Jeep fans may be some of the most fanatical car guys in the hobby.
Typically, they have a reason to love these old workhorses and most of the time it’s a connection to history.
That’s because Jeeps made history.
Asad Salaria is connected to his 1942 Ford Jeep for many reasons but one the strongest links is the one most car guys would recognize: “I learned to drive on one in India and you can hear a Jeep”.
Asad wanted to reconnect with a Jeep in a big way but he did have some conditions for the sale: “I didn’t want one that was restored or restored wrong because I wanted something to do in the winter”.
He wanted a Jeep that required some sweat equity because that’s how you learn and his search was relatively easy: “My brother in law found it-it was in a barn in Modesto, California and it was there for years”.
Asad’s Jeep had a World War II military history and that makes it a survivor in many ways: “It’s got an original name plate from August 1942 and it saw action in Italy. It was an airborne unit so it was dropped into battle. They replaced the Ford engine two years after this was built and put a new one in”.
This Jeep has a few military cues that are still left after over 70 years: “It had a gun mount and the headlights flip up plus it’s got hand swipe wipers- there are lots of clubs that will help you find information about these Jeeps”.
Asad is a hands-on guy and he’s very willing to learn so he’s acquired some experience under the hood of his Jeep: “Changing oil with these filters is a bit messy and I had to change the rad core. It’s still on 6-volt but I run an 8-volt battery. All the lights work except for the flashers because it’s very hard to find an 8-volt flasher”.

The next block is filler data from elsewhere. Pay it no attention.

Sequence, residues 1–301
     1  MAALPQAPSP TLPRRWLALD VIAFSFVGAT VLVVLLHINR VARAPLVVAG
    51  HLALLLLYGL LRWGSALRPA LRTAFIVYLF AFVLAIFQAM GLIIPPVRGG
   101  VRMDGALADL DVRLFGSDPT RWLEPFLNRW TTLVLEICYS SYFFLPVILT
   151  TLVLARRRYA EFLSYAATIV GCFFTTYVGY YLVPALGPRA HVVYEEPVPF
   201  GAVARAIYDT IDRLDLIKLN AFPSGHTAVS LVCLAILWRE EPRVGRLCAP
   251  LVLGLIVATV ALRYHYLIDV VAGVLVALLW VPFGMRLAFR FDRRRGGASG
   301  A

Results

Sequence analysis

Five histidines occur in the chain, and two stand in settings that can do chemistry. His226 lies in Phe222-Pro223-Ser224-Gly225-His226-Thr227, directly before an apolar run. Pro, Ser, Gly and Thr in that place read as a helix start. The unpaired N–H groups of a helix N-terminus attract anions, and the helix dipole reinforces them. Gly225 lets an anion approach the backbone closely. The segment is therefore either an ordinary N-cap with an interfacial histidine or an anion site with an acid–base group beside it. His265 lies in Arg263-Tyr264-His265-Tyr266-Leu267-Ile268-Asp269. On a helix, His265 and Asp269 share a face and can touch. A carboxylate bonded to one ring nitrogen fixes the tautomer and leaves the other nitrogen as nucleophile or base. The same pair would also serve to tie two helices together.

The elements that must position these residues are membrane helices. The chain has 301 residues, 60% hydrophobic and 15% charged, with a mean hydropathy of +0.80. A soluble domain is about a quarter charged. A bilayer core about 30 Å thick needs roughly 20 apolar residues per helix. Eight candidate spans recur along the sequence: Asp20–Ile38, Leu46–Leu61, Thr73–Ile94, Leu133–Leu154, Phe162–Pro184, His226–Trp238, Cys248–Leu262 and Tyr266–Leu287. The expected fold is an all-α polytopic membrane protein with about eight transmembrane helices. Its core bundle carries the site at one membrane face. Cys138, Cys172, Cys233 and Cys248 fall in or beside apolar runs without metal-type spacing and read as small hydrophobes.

Military Jeeps are a history lesson on four wheels because they served through World War II, Korea and Viet Nam. They built a reputation for reliability and versatility that was unsurpassed in situation where those characteristics were often the difference between life and death.
Asad has a different game plan in mind for his Jeep but the process is similar because he wants to map out journeys and prepare it for those family trips. He’s well aware of the Jeep’s tendencies on the road: “I’ve hit 60 miles per hour believe it or not and it’s actually pretty smooth but I wouldn’t recommend it. It actually surprised me”.
Asad likes to travel with his family because this Jeep gets so many waves and smiles so he’s planning for the future: “I’m going to put some seatbelts in it because I want to take it to shows like Radium”. Family bonding has never looked so cool.
There is always a game plan with every old ride and Assad has this Jeep’s future mapped out well: “My son is 8 years old and he’s already handing me wrenches”.
Assad’s final thoughts are the biggest clue:
“I’m going to get him behind the wheel”.
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